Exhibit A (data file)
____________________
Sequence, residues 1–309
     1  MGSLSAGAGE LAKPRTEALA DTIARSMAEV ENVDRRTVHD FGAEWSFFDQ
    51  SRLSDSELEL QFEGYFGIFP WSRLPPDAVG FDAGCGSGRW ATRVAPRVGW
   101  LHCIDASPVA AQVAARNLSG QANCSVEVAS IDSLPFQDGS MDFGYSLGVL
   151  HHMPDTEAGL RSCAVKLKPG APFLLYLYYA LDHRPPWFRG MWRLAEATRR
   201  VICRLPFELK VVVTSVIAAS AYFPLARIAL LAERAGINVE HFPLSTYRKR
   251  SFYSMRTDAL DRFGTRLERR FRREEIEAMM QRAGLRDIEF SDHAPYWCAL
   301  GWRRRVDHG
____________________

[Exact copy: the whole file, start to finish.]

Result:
Sequence, residues 1–309
     1  MGSLSAGAGE LAKPRTEALA DTIARSMAEV ENVDRRTVHD FGAEWSFFDQ
    51  SRLSDSELEL QFEGYFGIFP WSRLPPDAVG FDAGCGSGRW ATRVAPRVGW
   101  LHCIDASPVA AQVAARNLSG QANCSVEVAS IDSLPFQDGS MDFGYSLGVL
   151  HHMPDTEAGL RSCAVKLKPG APFLLYLYYA LDHRPPWFRG MWRLAEATRR
   201  VICRLPFELK VVVTSVIAAS AYFPLARIAL LAERAGINVE HFPLSTYRKR
   251  SFYSMRTDAL DRFGTRLERR FRREEIEAMM QRAGLRDIEF SDHAPYWCAL
   301  GWRRRVDHG